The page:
Characteristics of Fabry cardiomyopathy, such as late enhancement and functional abnormalities, have been reported separately in limited patient sample sizes and have not been linked so far. The present cross-sectional study shows all aspects from a very early to the final stage of the disease in a larger patient cohort and thus has potential implication for the understanding of Fabry cardiomyopathy. The main findings regarding this progression in cardiac involvement are: (i) functional abnormalities tend to occur more often in the LV lateral wall, (ii) LV longitudinal function appears to be impaired earlier than radial function, (iii) the end-stage of Fabry cardiomyopathy is characterized by the coexistence of LV hypertrophy, late enhancement as a marker of myocardial fibrosis, and severely reduced regional LV function, and (iv) concerning regional ventricular dysfunction, only the LV but not the RV seems to be involved.

Morphological aspects

Similar to other studies on morphological abnormalities in Fabry disease58,16 the typical finding of LV hypertrophy was frequently detected. The increase of myocardial wall thickness appears to be an early marker indicating definite morphological change as a consequence of glycosphingolipid accumulation. The second typical morphological finding was late enhancement in the LV which is discussed as a marker for myocardial fibrosis.45 Our finding is in accordance with the recent study by Moon et al.5 who also showed that 50% of their patients had late enhancement predominantly in the LV inferolateral wall. The underlying mechanism for this mainly intramural pattern of late enhancement is unknown. An ischemic pathology is unlikely since previous studies excluded coronary artery disease in this group of patients4,5 and ischemic necrosis usually starts at the subendocardium, finally inducing a decrease in wall thickness in the chronic phase.17 It is known that LV work load is highest in the inferolateral wall.18 This might initiate development of myocardial fibrosis in these segments because a high work load may increase local wall stress.

Functional abnormalities

In accordance with other studies, global LV function was normal and regional LV function was impaired in Fabry patients.6,7 Our data suggest that prior to the development of morphological changes, functional abnormalities could be detected. Interestingly, these abnormalities also seem to start in the LV inferolateral wall. Thus, in Fabry disease, the inferolateral wall appears to be the most affected LV segment for reasons which are currently unknown. It is here that a minor functional abnormality over time may progress toward the irreversible state of myocardial fibrosis. However, the LV walls without late enhancement (suggesting no fibrosis) also tend to develop severe functional abnormalities with increasing age. In contrast, the RV showed normal regional myocardial function although the deficiency of α-Gal A is also present in myocytes of the RV.19 The reason for this anatomical preference of a systemic disorder may lie in the combination of higher intraventricular pressure together with higher myocardial oxygen consumption in the LV when compared with the RV.20

Clinical implications

As with enzyme replacement therapy, a specific strategy is now available and the early evaluation of individual cardiac involvement in patients with Fabry disease is critical.21,22 The present study shows that early cardiac impairment can be detected using advanced echocardiographic techniques. This might enable us to determine the optimal starting point for enzyme replacement therapy. Thus, early treatment may prevent myocardial damage more effectively than starting therapy late in the course of the disease. The measurements of global LV function (i.e. ejection fraction) and end-diastolic wall thickness, which are the routine techniques to assess cardiac involvement, seem to be insufficiently sensitive to detect early cardiac impairment. Also, new global diastolic indices like E/Ea only detect impaired myocardial function in those patients who have already developed LV hypertrophy. In principle, our data confirm the statement by Pieroni et al. that subclinical cardiac involvement can be detected prior to the occurrence of LV hypertrophy. However, in their study, pure velocity of mitral annular motion was assessed. In contrast, in our current study, regional deformation was measured allowing description of regional heterogeneity of LV function. Using this technical approach the functional abnormalities could be matched to those myocardial segments displaying late enhancement as a potential marker of myocardial fibrosis.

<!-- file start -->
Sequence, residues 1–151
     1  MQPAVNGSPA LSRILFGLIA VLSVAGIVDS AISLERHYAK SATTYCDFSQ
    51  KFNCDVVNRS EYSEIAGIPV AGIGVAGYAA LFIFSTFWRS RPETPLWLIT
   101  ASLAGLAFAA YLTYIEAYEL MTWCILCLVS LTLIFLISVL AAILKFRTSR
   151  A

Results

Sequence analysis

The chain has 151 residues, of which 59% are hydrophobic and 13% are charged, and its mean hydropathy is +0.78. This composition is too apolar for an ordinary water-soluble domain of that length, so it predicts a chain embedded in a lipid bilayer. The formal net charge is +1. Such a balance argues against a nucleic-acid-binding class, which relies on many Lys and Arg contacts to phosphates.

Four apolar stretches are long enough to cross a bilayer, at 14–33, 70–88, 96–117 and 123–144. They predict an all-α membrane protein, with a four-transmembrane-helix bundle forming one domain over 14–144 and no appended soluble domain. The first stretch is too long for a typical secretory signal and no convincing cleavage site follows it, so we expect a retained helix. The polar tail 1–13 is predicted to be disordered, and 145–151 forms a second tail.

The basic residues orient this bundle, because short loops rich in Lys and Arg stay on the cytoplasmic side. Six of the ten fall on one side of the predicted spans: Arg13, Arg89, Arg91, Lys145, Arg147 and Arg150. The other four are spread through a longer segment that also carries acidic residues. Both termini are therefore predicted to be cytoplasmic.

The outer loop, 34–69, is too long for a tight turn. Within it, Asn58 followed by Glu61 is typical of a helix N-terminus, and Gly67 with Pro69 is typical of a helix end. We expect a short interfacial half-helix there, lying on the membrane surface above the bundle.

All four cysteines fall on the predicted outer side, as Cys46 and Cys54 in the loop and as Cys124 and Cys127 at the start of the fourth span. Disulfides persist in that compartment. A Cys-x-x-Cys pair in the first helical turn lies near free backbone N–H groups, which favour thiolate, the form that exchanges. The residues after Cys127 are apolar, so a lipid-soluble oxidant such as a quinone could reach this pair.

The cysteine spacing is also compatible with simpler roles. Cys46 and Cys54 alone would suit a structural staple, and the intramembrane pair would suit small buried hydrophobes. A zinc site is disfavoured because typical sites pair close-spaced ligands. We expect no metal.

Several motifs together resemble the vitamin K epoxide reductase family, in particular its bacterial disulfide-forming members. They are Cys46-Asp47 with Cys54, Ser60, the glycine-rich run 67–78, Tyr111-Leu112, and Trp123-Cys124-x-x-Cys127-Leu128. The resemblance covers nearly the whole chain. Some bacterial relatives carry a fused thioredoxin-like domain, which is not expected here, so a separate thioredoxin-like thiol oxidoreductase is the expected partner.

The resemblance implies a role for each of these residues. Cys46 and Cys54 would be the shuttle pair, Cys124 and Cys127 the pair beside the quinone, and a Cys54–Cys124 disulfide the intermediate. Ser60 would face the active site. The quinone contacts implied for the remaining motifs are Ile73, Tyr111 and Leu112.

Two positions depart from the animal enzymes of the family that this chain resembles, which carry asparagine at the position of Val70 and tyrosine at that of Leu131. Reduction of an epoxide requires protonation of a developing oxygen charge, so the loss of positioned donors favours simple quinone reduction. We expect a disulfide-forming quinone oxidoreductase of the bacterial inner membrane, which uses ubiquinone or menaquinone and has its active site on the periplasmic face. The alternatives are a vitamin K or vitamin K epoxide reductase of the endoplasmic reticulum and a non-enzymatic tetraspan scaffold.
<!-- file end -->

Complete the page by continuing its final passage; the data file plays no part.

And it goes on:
Coronary artery disease was not excluded by invasive catheterization because it was considered ethically inappropriate. In addition, endothelial dysfunction of the coronary arteries was not investigated, which may affect regional myocardial function. Also, due to ethical reasons, we did not undertake myocardial biopsies in the patients to determine the underlying histologic morphology. The small numbers in subgroups of Fabry patients open the possibility of unstable point estimates. However, the algorithm to classify Fabry patients was proposed predominantly on clinical grounds. The statistics employed in this study seem to support this concept, although larger cohort and follow-up studies and an external validation of the proposed algorithm are needed to prove it. Another limitation is that the control group is not matched for renal function which might have an impact on myocardial morphology and function.


Using regional strain rate imaging, functional changes preceding LV hypertrophy can be detected at an early stage in Fabry patients. Morphological and functional abnormalities in Fabry patients strongly depend on age and sex. Using information on sex, LV hypertrophy, and late enhancement, individual Fabry patients may be characterized according to their functional and structural abnormalities. This information may prove useful in guiding treating physicians to classify their patient regarding the severity of cardiac involvement and may support the decision to offer enzyme replacement therapy to those patients who may gain the most from an early start of therapy. An external validation of the proposed algorithm and future studies are needed to prove that using this information will affect long-term outcome in Fabry patients.


We wish to thank our colleagues of the Cardiac Ultrasound Research Group at the University of Leuven, Belgium, for providing us with the SPEQLE software package used during the data analysis in this study.


  • The first two authors contributed equally to this study.


View Abstract